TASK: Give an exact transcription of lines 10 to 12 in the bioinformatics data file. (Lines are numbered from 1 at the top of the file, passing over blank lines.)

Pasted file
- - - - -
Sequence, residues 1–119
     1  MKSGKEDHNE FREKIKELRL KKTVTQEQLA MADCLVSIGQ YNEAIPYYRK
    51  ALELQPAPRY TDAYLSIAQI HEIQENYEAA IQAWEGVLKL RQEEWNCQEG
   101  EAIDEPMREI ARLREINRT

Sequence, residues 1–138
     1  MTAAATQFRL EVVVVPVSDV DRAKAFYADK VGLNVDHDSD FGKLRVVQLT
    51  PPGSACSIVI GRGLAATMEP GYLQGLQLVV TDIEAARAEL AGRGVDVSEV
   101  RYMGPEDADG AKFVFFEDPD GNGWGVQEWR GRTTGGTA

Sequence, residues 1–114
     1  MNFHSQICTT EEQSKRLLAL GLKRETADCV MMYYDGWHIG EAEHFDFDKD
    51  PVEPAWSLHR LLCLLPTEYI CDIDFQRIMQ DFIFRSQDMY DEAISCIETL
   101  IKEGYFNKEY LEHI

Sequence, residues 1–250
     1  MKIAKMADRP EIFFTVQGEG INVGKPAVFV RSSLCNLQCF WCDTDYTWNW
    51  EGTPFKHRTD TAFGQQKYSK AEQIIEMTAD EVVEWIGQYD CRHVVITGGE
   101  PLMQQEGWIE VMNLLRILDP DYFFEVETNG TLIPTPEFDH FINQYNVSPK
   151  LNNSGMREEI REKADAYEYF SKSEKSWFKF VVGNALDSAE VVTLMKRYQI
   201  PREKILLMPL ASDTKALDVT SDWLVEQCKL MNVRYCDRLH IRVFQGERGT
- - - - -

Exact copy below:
     1  MNFHSQICTT EEQSKRLLAL GLKRETADCV MMYYDGWHIG EAEHFDFDKD
    51  PVEPAWSLHR LLCLLPTEYI CDIDFQRIMQ DFIFRSQDMY DEAISCIETL
   101  IKEGYFNKEY LEHI